The divisions of the regular army of the British Army have an order of precedence which dictates the order in which these divisions parade, from right to left. The unit on the extreme right, usually the Household Cavalry, is generally the highest ranking unit. Army Reserve units and Militia take precedence over regular units but this does not include the Honourable Artillery Company and The Royal Monmouthshire Royal Engineers. • Household Cavalry • Royal Horse Artillery • Royal Armoured Corps • Corps of Royal Engineers • Royal Regiment of Artillery • Royal Corps of Signals • Infantry • Foot Guards • Line Infantry • The Rifles • Special Air Service • Army Air Corps • Special Reconnaissance Regiment • Royal Army Chaplains Department • Royal Logistic Corps • Royal Army Medical Corps • Royal Electrical and Mechanical Engineers • Adjutant General's Corps • Royal Army Veterinary Corps • Small Arms School Corps • Royal Army Dental Corps • Intelligence Corps • Royal Army Physical Training Corps • General Service Corps • Queen Alexandra's Royal Army Nursing Corps • Corps of Army Music • Royal Monmouthshire Royal Engineers (Militia) (Army Reserve) • Honourable Artillery Company (Although Army Reserve Regiments, they are included in the order of arms Regular Army) • Remainder of the Army Reserve • Royal Gibraltar Regiment • The Royal Bermuda Regiment The order of precedence for the Household Cavalry and Royal Armoured Corps dates back to when the regiments had numbers rather than names. The Household Division regiments are always listed first, as they are the most senior. Today, as many regiments have been formed through amalgamations of other regiments, the order of precedence is given to those with the more senior amalgamated units. An example of this is that the Princess of Wales’s Royal Regiment, which is one of the youngest in the army, is ranked second in the line infantry order as it is a direct descendant of the 2nd Regiment of Foot.
The Foot Guards are the Regular Infantry regiments of the Household Division of the British Army. There are five active regiments of the Foot Guards and one reserve regiment: Grenadier Guards Coldstream Guards Scots Guards Irish Guards Welsh Guards Royal Guards Reserve Regiment A simple method to help distinguish between different Guards is by looking at the spacing of the buttons on their tunics. Grenadier Guards – evenly spaced tunic buttons. Coldstream Guards – paired tunic buttons. Scots Guards – tunic buttons in groups of three. Irish Guards – tunic buttons in groups of fours. Welsh Guards – tunic buttons in groups of fives. The ascending number of buttons also indicates the order in which the regiments were formed. Various other features on the uniform help distinguish between regiments such as the plumes, the collar badge and the shoulder badge. When the regiments all parade together they form up in the order of: Grenadier Guards on the right flank, then Scots Guards, Welsh Guards, Irish Guards and the Coldstream Guards on the left flank. This is due to their motto being ‘Nulli Secundus’ (Second to None) The role of the Foot Guards is to act as the primary garrison for the capital and for ceremonial duties. Two battalions are appointed for public duties. They provide the Queen’s Guard, the Tower of London Guards and sometimes the Windsor Castle Guard. On Public Dates, the Guards Battalions are located in barracks close to Buckingham Palace. In the future the Foot Guards will serve in a ceremonial role and the Reaction and Adaptable Forces. There are many other Foot Guards in armies over the world. The term ‘Guards’ is considered an honorific term to distinguish elite soldiers. Most monarchies have at least one regiment of guards and their duties to guard the Royal Family. We stock Foot Guards Military Uniform Accoutrement and Accessories on our webshop. Click here to see the items.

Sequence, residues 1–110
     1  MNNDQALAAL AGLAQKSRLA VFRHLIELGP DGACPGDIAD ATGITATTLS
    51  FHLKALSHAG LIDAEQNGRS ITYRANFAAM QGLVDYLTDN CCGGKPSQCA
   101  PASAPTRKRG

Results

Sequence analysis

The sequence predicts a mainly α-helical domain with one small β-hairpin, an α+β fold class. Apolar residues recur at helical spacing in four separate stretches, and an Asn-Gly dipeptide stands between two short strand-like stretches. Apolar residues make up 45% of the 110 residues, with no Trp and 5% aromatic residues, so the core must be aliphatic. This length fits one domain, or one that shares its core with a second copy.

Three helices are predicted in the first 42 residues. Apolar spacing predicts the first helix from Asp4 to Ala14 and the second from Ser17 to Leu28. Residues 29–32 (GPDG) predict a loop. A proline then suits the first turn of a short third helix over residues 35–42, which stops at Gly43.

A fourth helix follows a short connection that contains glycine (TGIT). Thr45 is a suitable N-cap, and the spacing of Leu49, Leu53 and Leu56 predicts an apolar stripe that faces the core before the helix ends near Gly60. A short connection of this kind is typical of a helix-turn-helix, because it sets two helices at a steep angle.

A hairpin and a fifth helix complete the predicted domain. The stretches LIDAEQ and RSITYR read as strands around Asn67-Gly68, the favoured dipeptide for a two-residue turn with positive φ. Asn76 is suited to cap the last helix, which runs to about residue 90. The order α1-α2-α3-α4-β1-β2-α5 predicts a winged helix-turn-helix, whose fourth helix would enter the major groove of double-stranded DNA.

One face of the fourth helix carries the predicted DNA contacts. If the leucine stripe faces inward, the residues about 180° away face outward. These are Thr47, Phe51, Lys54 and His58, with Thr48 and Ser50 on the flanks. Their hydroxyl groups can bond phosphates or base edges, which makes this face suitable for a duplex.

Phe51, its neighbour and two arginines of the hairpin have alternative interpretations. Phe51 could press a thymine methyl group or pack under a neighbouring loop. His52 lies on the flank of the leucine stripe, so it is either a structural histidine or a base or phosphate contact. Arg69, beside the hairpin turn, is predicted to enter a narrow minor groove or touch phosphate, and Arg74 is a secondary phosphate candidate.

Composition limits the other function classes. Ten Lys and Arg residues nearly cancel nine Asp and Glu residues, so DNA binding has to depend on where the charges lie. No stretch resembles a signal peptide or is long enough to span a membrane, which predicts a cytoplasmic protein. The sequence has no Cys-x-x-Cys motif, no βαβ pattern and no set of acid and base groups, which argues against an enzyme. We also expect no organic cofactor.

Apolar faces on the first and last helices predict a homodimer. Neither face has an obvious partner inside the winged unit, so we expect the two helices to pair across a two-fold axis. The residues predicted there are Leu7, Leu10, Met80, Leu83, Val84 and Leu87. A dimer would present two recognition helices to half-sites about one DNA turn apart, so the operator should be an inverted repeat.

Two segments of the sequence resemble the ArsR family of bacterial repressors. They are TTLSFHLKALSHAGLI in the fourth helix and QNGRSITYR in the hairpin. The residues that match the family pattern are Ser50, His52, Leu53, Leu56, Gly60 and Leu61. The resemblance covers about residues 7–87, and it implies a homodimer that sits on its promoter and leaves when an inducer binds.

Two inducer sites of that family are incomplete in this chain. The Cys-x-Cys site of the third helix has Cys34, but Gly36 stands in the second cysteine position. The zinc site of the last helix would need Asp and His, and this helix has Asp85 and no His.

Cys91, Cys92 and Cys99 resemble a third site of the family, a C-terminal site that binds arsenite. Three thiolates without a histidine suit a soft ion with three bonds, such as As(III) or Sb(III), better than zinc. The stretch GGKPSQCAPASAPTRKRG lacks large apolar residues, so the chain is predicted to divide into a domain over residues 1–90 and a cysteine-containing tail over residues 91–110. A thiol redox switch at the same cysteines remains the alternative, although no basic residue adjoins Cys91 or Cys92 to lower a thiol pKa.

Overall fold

The soldiers chosen to Troop the Colour, on June 17th at Horse Guards Parade, have this year been examined to check they are up to the job. The 1st Battalion The Irish Guards were inspected in their red tunics by General Officer Commanding London District and Major General Commanding the Household Division, Ben Bathurst. The Irish Guards wear a blue plume on the right side of their bearskins, and given that this is The Queen’s Blue Sapphire Jubilee, this seems very appropriate. The mantle and sash of the Order of St. Patrick, is also blue. Everything from the tailoring of the uniform to the regiment’s ability to march to time was under scrutiny by The Major General at Cavalry Barracks in Hounslow. Dohmall, the regiment’s famous wolfhound mascot was also on parade. Prince William, The Duke of Cambridge, became Colonel of The Irish Guards in 2011 and this year will be the first time since 2009 that their soldiers have trooped the Colour. Major General Bathurst said: ‘A huge amount of work goes in to making sure that the tailoring is right and I was extremely impressed with what I saw on the parade square.’ As a Foot Guards Regiment, as well as operational duties, the Irish Guards have also been involved in state ceremonial and public duties at Buckingham Palace, Windsor Castle, St James’s Palace and The Tower of London. The soldiers preparing for the Queen’s Birthday Parade will ‘troop the colour’ in front of Her Majesty The Queen, 8500 guests and a massive global TV audience. Garrison Sergeant Major WO1 Andrew Stokes said, ‘We already know that they are excellent in the field but here we are looking for attention to detail and professionalism. I am pleased to say that both were there in abundance.’